There were...literary men who described their meetings with Whitman in a tone of fascinated horror that suggests that accounts of present-day visitors to North Beach or Venice West. Indeed one cannot help feeling that the Whitman of those days was a predecessor of the beatniks. He had the beard, the untrimmed hair, the negligent slouch.... His costume...was another defiance of convention that might be regarded as the 1960 equivalent of sweatshirt and sandals.... He stayed out of the rat race, he avoided the squares, preferring the company of omnibus drivers and deckhands on the ferries; he was "real gone," he was "far out"; and he was writing poems in what Lawrence Lipton calls "the 'open,' free-swinging style that is prized in Beat Generation literature." "Whitman must have thought he was Kenneth Patchen," Lloyd Frankenberg said of those particular poems. Some of them should be read to loud music as a means of glossing over their faults and holding the listener's attention - not to the music of a jazz combo but perhaps to that of a regimental brass band.

Cowley also published on Whitman in the October 31, 1959 issue of the Saturday Review. This seems to be right out of the introduction he wrote for the above-mentioned new edition.

Tuesday, January 15, 2008

(anti-)school of quietude

Here's a poem I found in the Nation, submitted by George Cuomo. It has a long title (in bold below) and the body of the poem is one line.

- - -

Poem in Honor of Poets
Who Form Schools
Deliver Manifestoes
Name Generations
Chant Slogans
Praise Each Other
And Roar in Cellar Saloons

They also serve who only sit and write.

- - -

Cuomo (born 1929 and apparently still around) published eight novels, a bunch of short stories, some poetry (haven't found any yet), and at least one book of nonfiction. When he published this angry ditty in the Nation he hadn't yet published his first novel; that was Jack Be Nimble of 1963. Given that his main characters - e.g. a small-time criminal caught up in a brutal prison riot - would seem to befit the anti-establishment aesthetic of the poetry he attacks in his poem, I'm guessing that by the time was publishing in novels, real '60s fiction, he had changed his mind or tempered his view. Or perhaps what was okay in fiction wasn't in verse. Or perhaps he's really merely expressing his preference for the introverted life of writers who write rather than affiliate and proclaim themselves.

Nation May 2, 1959, p. 146.


Found in the Baltimore Evening Sun: "Therefore, says David Rosen-Jaffe, he is going to search for his bride not in Effete and urban Tel Aviv but in a rural farming area."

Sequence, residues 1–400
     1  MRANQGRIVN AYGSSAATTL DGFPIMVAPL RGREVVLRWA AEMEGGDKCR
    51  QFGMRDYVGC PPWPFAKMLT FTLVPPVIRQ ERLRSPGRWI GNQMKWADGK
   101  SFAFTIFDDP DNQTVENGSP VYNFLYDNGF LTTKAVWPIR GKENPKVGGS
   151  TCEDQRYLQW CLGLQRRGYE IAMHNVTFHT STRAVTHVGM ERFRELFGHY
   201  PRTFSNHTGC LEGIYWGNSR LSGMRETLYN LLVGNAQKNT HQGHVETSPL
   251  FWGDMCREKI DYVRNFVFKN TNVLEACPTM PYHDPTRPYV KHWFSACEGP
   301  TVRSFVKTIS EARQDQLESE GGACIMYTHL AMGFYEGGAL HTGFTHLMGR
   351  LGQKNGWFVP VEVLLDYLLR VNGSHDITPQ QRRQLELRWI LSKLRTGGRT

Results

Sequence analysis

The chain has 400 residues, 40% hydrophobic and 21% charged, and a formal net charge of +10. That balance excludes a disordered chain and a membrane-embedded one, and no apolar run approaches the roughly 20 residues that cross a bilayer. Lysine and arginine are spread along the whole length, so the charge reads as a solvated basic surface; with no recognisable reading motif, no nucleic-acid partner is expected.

To which the wisecracking filler-space writing New Yorker writer quipped: "Prettiest girl we ever saw was in Effete, just the same."

New Yorker, June 6, 1959, p. 117

Monday, January 14, 2008

Gordon Parks chooses Robinson Jeffers

The February 15 issue of Life did a photo spread on modern and contemporary American poetry. To kick off National Library Week, Life commissioned Gordon Parks to celebration "the nationwide poetry boon." Parks chose some favorite poems and took photographs to go along with them, "conveying their themes with his camera." The subtitle of the spread: "Captured by the camera: haunting loveliness based on modern verse." The poets selected: John Peale Bishop, Millay, MacLeish, Frost, WCW ("The Red Wheelbarrow"), Jeffers, Richard Wilbur, Eliot, Crane. In the caption for Williams: "...writes extremely conversational verse." Eliot: "...the most influential of all contemporary poets...also one of the most complex." Crane: "...a highly neurotic genius."

Parks was the first African American to work at Life. He co-founded Essence. His semi-autobiographical The Learning Tree would come out four years later, in '64, as would his film Flavio. He was an early contributor to the blaxploitation genre, and his son, Gordon Jr., directed Superfly. Again Life's intro to this "Kaleidoscope" notes that Parks chose the poems; already a main interest was race in America, yet none of the poems even hints at race or even really gestures toward the politics to which Parks would be so devoted. Perhaps this was all thematically truly before, for instance, he created a photo essay documenting the Selma to Montgomery march for Life (1963). At right, though, is a photo of Langston Hughes Park took in 1941; he apparently did not choose a Hughes poem for this spread.

In any case, Life is ecstatic about poetry's comeback: "Recordings of poems have rung up sales of more than two million albums. Poets are barnstorming the country, to recite their works before sellout audiences. In nightclubs and coffee houses, declaiming poetry is the rage, with out without musical accompaniment."